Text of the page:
Mondaq Ltd and/or its respective suppliers make no representations about the suitability of the information contained in the documents and related graphics published on this server for any purpose. All such documents and related graphics are provided "as is" without warranty of any kind. Mondaq Ltd and/or its respective suppliers hereby disclaim all warranties and conditions with regard to this information, including all implied warranties and conditions of merchantability, fitness for a particular purpose, title and non-infringement. In no event shall Mondaq Ltd and/or its respective suppliers be liable for any special, indirect or consequential damages or any damages whatsoever resulting from loss of use, data or profits, whether in an action of contract, negligence or other tortious action, arising out of or in connection with the use or performance of information available from this server.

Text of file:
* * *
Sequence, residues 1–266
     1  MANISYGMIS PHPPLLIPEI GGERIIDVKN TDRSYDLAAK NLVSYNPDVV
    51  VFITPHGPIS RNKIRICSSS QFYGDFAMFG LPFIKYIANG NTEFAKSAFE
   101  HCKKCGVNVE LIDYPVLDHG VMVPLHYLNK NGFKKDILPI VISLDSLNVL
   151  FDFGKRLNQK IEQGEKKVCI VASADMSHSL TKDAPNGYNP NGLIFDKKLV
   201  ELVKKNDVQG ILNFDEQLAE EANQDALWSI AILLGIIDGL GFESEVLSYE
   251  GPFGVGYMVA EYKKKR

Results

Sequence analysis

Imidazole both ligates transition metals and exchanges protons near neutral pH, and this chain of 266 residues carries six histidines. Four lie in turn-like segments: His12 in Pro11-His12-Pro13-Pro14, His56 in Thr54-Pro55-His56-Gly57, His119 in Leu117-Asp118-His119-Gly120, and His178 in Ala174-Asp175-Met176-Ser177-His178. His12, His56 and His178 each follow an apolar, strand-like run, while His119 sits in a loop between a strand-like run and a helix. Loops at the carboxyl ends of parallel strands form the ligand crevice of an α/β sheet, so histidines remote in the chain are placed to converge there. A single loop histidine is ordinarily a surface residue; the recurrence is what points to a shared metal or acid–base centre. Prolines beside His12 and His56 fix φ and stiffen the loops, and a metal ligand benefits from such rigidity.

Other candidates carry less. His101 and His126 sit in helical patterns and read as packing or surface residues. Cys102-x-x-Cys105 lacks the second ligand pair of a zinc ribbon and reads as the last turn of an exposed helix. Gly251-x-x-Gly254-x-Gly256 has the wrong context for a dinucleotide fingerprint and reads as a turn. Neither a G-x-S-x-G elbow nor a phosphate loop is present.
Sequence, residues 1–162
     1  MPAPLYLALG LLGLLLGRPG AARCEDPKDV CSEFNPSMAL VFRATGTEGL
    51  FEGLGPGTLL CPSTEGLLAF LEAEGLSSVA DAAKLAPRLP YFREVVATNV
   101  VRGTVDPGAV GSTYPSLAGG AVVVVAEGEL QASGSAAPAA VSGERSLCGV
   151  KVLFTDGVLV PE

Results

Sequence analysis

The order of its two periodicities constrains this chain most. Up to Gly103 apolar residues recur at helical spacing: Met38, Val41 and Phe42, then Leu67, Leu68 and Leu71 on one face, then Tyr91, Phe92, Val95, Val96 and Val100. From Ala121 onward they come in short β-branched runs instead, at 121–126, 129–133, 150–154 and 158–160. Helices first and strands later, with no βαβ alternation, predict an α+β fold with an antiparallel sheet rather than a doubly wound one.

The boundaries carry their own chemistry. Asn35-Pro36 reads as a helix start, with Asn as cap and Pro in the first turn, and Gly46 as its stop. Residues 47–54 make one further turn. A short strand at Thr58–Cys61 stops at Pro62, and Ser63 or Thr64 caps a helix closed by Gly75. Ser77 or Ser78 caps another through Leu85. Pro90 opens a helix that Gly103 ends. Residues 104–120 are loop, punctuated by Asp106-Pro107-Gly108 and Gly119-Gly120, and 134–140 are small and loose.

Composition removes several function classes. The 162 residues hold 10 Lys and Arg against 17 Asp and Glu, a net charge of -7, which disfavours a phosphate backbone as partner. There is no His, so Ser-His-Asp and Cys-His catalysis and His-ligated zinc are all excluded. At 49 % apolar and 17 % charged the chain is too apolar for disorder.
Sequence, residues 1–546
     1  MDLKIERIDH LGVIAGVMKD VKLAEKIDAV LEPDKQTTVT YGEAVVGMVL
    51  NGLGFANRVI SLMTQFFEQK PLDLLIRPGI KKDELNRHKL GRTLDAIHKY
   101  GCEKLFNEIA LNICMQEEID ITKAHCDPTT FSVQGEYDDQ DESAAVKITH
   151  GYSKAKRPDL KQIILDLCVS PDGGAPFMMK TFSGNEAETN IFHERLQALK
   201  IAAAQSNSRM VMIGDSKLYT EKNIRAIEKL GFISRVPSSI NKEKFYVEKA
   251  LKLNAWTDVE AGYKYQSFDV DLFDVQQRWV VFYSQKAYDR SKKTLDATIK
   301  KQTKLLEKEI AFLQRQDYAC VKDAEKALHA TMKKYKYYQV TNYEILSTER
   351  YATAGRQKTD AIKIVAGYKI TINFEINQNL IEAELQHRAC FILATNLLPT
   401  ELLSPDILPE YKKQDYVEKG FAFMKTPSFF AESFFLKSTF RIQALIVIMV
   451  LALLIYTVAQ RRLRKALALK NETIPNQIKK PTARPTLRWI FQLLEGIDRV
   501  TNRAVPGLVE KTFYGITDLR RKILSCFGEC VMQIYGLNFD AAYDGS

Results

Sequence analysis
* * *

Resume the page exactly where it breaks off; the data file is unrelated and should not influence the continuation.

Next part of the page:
The documents and related graphics published on this server could include technical inaccuracies or typographical errors. Changes are periodically added to the information herein. Mondaq Ltd and/or its respective suppliers may make improvements and/or changes in the product(s) and/or the program(s) described herein at any time.


Mondaq Ltd requires you to register and provide information that personally identifies you, including what sort of information you are interested in, for three primary purposes:

  • To allow you to personalize the Mondaq websites you are visiting.
  • To enable features such as password reminder, newsletter alerts, email a colleague, and linking from Mondaq (and its affiliate sites) to your website.
  • To produce demographic feedback for our information providers who provide information free for your use.